With its vast number of Android users and their preference for third-party online app markets, China is the perfect breeding ground for new Android malware.
Chinese mobile security company TrustGo Security has recently discovered an Android Trojan that targets Chinese users exclusively, as it takes advantage of a vulnerability in the China Mobile SMS Payment process to generate unauthorized payments, steal bank card numbers and money transfer receipt information.
Dubbed SMSZombie, the Trojan is delivered through legitimate wallpaper apps with with provocative titles and pictures. The main apps are harmless by themselves – and that is why they probably haven’t been removed yet from GFan, China’s largest mobile app marketplace – and the malicious code is downloaded and added by them afterwards.
“Once installed, the virus then tries to obtain administrator privileges on the user’s device. This step cannot be canceled by the user, as the ‘Cancel’ button only reloads the dialog box until the
user eventually is forced to select “Activate” to stop the dialog box,” TrustGo explains.
Once the Trojan gains these privileges, it uses them to disable users’ ability to delete the offending app.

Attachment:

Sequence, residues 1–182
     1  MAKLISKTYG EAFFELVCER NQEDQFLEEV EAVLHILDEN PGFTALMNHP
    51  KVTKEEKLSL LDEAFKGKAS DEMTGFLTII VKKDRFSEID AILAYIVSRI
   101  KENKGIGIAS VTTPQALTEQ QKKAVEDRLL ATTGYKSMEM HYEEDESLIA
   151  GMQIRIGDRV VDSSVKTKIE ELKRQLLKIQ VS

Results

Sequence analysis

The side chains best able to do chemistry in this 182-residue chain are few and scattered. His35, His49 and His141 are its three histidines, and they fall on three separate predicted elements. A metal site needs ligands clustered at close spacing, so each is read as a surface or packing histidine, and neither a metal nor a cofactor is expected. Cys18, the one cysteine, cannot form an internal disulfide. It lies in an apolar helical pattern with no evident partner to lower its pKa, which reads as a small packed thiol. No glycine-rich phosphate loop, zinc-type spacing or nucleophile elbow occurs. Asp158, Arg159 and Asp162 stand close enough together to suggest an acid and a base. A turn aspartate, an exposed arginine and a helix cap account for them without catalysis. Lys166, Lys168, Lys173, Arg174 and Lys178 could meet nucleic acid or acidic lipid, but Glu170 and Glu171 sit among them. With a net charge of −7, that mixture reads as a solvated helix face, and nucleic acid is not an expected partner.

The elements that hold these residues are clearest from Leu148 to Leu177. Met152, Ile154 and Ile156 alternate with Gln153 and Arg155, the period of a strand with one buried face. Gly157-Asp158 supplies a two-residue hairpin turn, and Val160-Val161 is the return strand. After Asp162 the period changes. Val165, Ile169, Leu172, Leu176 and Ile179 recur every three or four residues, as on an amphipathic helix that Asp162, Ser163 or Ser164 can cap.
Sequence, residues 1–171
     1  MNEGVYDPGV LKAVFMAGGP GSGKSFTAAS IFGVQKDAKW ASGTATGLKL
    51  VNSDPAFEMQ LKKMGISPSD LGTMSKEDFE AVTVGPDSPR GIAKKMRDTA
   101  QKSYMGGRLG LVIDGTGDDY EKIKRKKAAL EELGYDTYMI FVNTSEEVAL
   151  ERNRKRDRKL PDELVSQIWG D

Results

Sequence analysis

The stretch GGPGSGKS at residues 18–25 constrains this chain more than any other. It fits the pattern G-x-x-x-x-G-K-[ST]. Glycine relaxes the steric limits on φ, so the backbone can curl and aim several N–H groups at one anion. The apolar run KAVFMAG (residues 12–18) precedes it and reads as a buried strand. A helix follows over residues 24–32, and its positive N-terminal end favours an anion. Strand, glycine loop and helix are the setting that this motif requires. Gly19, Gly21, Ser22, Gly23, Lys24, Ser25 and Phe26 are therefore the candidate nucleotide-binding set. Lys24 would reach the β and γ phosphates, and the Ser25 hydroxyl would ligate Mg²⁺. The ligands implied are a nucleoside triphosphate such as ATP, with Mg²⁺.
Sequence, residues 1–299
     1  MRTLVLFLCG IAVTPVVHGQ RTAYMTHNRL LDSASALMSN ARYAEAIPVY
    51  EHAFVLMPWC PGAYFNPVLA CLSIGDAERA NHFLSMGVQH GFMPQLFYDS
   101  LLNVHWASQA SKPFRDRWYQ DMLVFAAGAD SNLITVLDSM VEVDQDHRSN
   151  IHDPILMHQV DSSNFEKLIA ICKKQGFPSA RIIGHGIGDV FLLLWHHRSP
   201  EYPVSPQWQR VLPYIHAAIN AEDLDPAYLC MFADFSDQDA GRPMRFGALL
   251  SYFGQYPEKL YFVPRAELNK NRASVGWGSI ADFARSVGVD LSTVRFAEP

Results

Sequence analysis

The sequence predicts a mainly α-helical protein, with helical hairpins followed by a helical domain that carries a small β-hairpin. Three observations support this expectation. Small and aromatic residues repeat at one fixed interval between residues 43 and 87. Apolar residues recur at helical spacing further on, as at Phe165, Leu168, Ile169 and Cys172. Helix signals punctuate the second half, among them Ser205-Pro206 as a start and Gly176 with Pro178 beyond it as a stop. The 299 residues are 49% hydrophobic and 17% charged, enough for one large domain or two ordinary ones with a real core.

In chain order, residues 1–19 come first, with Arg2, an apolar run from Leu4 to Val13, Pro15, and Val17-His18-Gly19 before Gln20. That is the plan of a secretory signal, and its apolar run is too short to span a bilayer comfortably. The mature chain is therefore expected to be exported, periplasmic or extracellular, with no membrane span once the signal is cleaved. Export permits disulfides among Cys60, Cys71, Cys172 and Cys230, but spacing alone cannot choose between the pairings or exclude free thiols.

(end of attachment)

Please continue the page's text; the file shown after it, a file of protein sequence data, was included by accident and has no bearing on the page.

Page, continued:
“Using a configuration file that can be updated by the malware maker at anytime, the malware can intercept and forward a variety of SMS messages. Because these messages often include banking and financial information, users accounts can easily be hacked further,” the researchers point out.
The virus is used mainly for recharging online gaming accounts via the China Mobile SMS Payment system, and the amounts are very small in order to not raise the device owner’s suspicions.
According to the information TrustGo Vice President of Engineering shared with SecurityWeek, the Trojan does not report back to a C&C server. In fact, the malware receives its orders from an ever-changing set of random phone numbers.
GFan has still not removed the offending apps from its site and, so far, the devices of a half a million Chinese Android users are believed to be infected with SMSZombie.
Given the difficulty of getting rid of the malware, TrustGo has set up a page detailing the steps users must take to delete it from their devices.